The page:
Walking Our Faith: Who Goes To Church? A profile of Lord of the Mountains Church (column)
July 20, 2018
I have attended Lord of the Mountains Lutheran church three times. Once for an inter-faith service commemorating the Five Hundred Year Anniversary of the Reformation. The second time was for Yom Kippur, the Jewish Day of Atonement, with the congregation of Synagogue of the Summit. The third time was a regular Sunday service where Pastor Lilianna Stahlberg presided during the service and communion. What I discovered at each of the three very different church services was a spirit-filled church that welcomed people of all faiths.
A few weeks ago, I wrote a column about the pastor of Lord of the Mountains Church. She took a remarkable path from Romania with her roots in an Orthodox Romanian church. From there, a moving of the Holy Spirit in her life led to involvement in an ecumenical, inter-faith movement, decades of humanitarian work on behalf of women and orphans, and finally ordination and after years of serving in the Denver-area. She then became pastor of Lord of the Mountains Church.
Someone once told me that perhaps only 10 percent of Summit County residents attend church regularly. I found this surprising because each of the churches I have written about over the past three years has been filled with enthusiastic parishioners.
For instance, I am always impressed when I attend my own church, St. Mary's on a Saturday evening at 5p.m. or Sunday morning at 8 a.m., when the priest asks the congregation to raise their hands if they're from out of town, nearly 80 percent are visitors. To me this means that people care enough to make time during their vacations to attend church, even if it means going on a Saturday evening or rising early on Sunday morning.
Does this also mean that locals are staying home? It's confounding. When I experience the enthusiasm that I feel in my own parish, or any of the other churches I've attended, where local congregants are active participants in church life throughout the week, I feel optimistic about the future Summit County's spiritual and religious communities.
Over the coming weeks or months, I'll do occasional articles about churches in our community to find out what they are doing to inspire and involve not only their regular members but to encourage the Christmas and Easter crowd to find a reason to come more often.
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I asked Pastor Liliana to tell me what she would like Summit County to know about Lord of the Mountains Church and this is what she said:
"Lord of the Mountains has as its branding words: Faith, Family, Fellowship. What this means is that we embrace our Christian faith, we worship and love God, and love and follow Jesus, trying to make this world a better place for all God's children.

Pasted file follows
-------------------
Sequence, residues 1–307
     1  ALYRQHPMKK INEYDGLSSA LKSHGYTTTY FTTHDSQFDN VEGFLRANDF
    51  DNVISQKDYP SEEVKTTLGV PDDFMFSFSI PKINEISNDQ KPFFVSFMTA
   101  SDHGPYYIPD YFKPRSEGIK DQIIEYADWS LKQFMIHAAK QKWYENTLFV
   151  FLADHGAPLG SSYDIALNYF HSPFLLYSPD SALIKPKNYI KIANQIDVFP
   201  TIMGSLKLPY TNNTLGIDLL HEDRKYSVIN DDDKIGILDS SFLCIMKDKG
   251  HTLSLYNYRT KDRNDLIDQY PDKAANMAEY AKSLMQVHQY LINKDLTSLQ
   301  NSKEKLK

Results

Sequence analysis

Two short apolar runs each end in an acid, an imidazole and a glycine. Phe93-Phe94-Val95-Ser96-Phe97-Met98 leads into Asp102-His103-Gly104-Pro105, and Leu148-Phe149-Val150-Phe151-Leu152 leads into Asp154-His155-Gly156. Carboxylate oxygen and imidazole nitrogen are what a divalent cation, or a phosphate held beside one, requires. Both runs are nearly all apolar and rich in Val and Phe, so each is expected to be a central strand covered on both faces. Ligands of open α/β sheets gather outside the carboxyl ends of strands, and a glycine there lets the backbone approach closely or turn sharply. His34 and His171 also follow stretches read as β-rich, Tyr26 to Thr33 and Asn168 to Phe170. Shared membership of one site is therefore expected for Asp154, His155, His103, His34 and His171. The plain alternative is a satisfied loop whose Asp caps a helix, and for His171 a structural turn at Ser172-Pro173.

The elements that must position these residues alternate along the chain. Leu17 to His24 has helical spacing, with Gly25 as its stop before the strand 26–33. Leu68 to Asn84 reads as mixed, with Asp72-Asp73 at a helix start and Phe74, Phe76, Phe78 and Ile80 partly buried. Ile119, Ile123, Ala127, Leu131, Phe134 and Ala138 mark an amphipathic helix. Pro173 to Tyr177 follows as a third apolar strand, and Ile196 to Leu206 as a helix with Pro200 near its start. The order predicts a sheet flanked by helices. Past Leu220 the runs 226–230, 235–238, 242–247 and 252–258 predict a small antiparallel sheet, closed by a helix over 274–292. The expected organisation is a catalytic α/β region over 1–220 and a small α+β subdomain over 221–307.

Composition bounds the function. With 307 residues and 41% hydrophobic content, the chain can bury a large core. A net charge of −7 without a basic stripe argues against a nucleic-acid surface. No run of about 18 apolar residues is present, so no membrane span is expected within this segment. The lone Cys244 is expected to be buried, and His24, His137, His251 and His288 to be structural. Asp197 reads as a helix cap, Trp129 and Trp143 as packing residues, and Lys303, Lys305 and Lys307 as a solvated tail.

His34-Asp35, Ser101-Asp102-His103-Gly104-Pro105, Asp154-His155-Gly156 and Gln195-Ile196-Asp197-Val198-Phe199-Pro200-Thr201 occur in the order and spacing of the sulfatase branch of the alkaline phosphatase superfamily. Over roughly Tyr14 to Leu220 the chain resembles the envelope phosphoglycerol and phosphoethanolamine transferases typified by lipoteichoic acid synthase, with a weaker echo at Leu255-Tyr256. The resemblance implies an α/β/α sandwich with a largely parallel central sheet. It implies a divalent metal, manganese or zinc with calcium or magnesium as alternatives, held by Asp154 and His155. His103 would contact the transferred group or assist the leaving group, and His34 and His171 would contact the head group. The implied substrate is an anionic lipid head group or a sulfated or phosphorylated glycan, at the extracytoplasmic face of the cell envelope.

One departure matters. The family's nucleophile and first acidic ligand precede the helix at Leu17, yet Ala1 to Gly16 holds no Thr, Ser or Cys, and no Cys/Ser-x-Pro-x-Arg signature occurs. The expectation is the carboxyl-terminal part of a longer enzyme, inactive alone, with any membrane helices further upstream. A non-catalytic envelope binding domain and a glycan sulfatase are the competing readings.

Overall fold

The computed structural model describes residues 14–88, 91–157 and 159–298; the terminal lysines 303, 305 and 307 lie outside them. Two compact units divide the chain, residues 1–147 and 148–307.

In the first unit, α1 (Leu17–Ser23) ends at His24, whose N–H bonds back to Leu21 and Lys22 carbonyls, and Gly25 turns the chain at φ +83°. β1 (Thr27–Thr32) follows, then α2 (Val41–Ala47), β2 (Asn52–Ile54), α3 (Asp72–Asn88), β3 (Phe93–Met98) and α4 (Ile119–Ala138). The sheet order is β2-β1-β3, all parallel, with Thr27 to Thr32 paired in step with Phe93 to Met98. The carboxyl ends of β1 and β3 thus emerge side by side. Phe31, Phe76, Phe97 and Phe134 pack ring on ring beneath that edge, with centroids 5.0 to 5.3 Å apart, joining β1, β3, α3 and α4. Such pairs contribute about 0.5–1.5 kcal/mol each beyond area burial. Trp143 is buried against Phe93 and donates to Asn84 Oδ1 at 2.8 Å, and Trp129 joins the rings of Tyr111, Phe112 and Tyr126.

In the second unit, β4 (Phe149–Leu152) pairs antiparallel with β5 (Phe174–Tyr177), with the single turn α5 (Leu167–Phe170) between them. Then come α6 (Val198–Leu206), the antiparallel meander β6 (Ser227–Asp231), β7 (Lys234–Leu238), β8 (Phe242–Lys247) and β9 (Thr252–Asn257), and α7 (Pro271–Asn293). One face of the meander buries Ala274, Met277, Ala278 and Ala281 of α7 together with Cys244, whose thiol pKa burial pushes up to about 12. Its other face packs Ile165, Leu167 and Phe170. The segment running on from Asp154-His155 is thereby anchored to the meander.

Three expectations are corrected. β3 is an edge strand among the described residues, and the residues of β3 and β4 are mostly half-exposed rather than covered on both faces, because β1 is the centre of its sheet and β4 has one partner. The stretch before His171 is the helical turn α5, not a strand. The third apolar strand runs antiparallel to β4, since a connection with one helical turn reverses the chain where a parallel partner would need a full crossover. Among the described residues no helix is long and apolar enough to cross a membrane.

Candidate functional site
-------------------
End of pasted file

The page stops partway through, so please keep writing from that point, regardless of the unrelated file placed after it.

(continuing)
We worship in the Lutheran tradition, and at the same time we respect and welcome Christians of other denominations to worship and serve with us.
We embrace other people of other faith traditions and believe there are many ways to God. We desire to explore fully our faith in Christ.
We love families, our families and all people's families; we also embrace the larger family of Christ, present around the world. Family is a deeply human way of loving one another. We love the whole human family; we make a priority to share God's love and the teachings and life of Christ with our children. Fellowship is what brings people together to share love, companionship, sorrows, troubles, solutions. It gives us strength to do God's work with our hands. We also fellowship with people of other faith traditions."
Now, if you're wondering whether these are just words from a marketing brochure, from my first-hand experience Lord of the Mountains is living its commitment.
When I attended Lord of the Mountains for the third time, it was my first time to see Pastor Liliana lead a service. It was a service that featured a baptizing of an infant. As the family and friends circled the baptismal fount, it was clear that Pastor Liliana felt great joy sharing this moment with the family. It was not a formality of Christian initiation, but an essential and joyful rite of passage as part of the human family, the church family and the community to which the child was being welcomed.
Lord of the Mountains Church has at different times allowed diverse faiths of Summit County to use Lord of the Mountain space for worship services, including a local synagogue, a Muslim group and a group of Universalists.
When I attended services at Lord of the Mountain, yes, three different services with three different faith traditions, what impressed me was a moving Holy Spirit. I know that sounds woo-woo, but it's my belief that the Holy Spirit is never present where God's teachings of love and tolerance are not present.
According to Pastor Liliana, "Our definition of our church could be summed up in this statement: We invite everyone into the fullness of God's love …. every race, national origin, immigration status, sexual orientation, gender identity or expression, age, physical or mental ability, sex or station in life."
If you would like your church profiled in the coming months, please contact Suzanne Anderson at email@example.com
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